As a woman ages, her eggs are more prone to genetic chromosomal abnormalities. These abnormalities may sometimes lead to increased age-related infertility, miscarriages and birth defects. The most common cause is age. When a woman is over 4o these chances are increased and it may be healthier for the child, and the mother, to use […]
After a recent conversation with a friend who asked me the probabilities of a breast cancer survivor having children post chemotherapy, I thought a lot this weekend about an article from 2008 in Women & Cancer magazine. For my friend, and all the women who are cancer survivors, I wanted to re-post this article and feature it as my blog topic this week.
The article is the journey one of my patients took as she faced breast cancer, and she chose to preserve her fertility via egg freezing. The article can also be found at CancerConsultants.com, after a Q&A about fertility options for women facing cancer.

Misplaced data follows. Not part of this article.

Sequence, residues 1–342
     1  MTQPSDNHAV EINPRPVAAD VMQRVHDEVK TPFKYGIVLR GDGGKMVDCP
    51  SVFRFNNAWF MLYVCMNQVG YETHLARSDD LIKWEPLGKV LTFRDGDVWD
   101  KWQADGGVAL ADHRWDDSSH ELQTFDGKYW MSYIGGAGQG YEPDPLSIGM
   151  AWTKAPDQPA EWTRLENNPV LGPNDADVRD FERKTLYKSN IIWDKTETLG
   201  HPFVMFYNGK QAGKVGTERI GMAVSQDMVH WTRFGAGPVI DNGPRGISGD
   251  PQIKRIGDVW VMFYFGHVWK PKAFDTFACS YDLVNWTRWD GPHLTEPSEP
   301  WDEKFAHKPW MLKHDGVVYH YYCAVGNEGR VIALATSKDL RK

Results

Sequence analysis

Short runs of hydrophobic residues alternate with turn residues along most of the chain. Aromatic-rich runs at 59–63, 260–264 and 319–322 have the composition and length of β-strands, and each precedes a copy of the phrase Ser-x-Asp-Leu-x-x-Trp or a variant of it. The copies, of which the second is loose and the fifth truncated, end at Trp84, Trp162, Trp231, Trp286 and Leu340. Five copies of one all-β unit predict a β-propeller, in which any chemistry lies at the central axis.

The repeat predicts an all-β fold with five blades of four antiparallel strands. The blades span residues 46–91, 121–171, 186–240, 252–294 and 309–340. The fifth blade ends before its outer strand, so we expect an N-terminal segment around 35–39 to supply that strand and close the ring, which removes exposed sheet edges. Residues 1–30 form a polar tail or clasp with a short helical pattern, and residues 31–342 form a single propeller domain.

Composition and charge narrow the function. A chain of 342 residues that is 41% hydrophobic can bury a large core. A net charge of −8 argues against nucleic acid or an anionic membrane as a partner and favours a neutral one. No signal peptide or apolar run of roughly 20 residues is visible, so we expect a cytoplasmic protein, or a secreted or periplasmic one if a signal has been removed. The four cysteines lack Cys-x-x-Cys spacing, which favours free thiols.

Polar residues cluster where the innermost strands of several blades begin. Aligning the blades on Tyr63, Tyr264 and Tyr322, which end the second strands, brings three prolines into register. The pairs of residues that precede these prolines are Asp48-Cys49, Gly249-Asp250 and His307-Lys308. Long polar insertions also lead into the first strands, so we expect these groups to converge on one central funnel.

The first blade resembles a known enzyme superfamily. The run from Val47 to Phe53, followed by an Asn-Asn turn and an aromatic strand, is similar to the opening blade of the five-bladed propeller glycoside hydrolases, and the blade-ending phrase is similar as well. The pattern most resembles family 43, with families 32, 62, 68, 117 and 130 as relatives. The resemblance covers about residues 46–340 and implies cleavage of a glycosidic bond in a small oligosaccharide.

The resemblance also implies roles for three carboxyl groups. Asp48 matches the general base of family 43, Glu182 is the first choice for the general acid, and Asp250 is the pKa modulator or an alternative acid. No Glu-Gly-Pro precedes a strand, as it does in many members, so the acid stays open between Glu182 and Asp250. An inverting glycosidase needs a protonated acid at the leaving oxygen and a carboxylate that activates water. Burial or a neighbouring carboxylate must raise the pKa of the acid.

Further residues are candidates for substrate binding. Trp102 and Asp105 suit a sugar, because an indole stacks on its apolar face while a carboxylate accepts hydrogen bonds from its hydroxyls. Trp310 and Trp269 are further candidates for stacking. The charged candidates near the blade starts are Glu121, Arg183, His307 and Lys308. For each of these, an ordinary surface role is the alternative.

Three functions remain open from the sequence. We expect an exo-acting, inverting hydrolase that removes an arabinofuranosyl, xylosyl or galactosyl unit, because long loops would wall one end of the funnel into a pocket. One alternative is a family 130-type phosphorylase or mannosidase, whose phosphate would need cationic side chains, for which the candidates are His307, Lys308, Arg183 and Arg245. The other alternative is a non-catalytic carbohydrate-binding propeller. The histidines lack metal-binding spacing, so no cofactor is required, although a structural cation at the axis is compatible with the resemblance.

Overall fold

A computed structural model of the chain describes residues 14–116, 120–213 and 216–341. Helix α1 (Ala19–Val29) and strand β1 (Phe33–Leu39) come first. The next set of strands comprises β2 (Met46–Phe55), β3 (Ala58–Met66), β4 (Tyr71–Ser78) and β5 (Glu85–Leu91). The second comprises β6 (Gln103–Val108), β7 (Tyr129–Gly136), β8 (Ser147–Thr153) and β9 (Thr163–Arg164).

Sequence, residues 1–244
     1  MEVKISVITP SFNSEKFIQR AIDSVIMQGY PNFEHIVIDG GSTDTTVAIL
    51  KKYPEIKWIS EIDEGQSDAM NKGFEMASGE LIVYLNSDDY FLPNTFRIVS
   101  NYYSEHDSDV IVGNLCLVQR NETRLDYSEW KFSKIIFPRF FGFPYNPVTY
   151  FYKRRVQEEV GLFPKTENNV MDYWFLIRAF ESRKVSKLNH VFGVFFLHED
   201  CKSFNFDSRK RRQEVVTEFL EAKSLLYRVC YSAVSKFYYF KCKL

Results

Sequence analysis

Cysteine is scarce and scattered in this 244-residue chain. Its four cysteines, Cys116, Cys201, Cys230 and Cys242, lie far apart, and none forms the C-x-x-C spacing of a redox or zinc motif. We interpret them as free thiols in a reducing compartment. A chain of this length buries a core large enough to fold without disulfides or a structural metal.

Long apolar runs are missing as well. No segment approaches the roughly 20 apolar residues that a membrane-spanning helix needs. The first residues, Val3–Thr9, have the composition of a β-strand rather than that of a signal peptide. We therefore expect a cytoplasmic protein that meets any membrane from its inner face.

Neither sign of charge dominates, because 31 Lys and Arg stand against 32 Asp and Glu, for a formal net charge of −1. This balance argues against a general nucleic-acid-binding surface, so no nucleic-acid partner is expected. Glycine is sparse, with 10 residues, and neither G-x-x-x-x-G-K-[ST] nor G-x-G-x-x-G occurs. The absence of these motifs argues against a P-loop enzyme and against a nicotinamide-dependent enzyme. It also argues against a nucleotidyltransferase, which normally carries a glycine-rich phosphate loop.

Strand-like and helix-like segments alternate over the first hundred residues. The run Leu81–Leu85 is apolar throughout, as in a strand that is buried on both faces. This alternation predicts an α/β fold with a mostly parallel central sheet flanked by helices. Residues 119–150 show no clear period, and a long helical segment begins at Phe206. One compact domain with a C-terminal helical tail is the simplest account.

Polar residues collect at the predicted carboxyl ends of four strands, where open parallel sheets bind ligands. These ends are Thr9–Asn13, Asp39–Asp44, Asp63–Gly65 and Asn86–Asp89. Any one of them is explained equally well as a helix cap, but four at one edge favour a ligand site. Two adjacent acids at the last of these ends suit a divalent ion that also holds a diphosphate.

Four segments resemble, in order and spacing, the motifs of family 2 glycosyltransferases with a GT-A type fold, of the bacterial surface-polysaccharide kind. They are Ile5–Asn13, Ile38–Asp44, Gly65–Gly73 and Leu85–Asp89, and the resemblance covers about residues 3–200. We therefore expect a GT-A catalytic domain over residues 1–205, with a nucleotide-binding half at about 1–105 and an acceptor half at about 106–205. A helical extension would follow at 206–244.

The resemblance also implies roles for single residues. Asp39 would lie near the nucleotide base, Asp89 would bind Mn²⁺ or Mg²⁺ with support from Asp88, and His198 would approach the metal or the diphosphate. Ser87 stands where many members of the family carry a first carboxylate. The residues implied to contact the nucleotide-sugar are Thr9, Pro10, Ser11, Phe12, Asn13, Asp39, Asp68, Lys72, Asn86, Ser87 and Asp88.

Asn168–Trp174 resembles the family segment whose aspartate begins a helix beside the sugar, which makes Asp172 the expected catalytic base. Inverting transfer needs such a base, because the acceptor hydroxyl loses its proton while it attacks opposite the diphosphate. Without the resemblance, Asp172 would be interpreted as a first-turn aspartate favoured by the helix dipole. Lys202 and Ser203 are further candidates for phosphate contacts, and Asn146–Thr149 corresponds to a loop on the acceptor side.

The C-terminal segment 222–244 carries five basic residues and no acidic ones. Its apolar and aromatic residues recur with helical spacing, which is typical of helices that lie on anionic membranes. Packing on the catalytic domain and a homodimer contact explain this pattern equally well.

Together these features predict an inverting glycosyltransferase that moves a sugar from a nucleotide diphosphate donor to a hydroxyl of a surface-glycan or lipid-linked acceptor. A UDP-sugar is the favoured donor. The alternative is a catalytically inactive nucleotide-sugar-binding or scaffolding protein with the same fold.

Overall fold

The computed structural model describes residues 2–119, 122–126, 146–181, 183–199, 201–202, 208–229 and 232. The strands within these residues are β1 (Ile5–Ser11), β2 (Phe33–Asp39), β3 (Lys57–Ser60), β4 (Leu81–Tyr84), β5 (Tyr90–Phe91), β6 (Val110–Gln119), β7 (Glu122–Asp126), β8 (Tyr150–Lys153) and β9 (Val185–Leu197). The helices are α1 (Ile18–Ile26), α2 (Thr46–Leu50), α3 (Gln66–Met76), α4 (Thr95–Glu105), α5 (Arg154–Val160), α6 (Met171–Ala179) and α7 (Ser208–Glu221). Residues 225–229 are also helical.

Unfortunately, a woman’s eggs become more prone to genetic abnormalities as she ages. These abnormalities sometimes lead to increased incidences of infertility, miscarriage and birth defects especially in women over 40 years of age.
Egg freezing is a method that suspends egg aging. Since the genetic status of an egg cannot be determined solely on appearance, methods to evaluate eggs using genetic probes have been developed. The egg discards DNA at two different times during its development, ovulation and fertilization. This occurs in order to reduce the number of chromosomes to 23 in order to match the 23 chromosomes delivered by the sperm. The discarded DNA (in the form of excess chromosomes) is jettisoned outside of the egg as a small, round pocket called the polar body.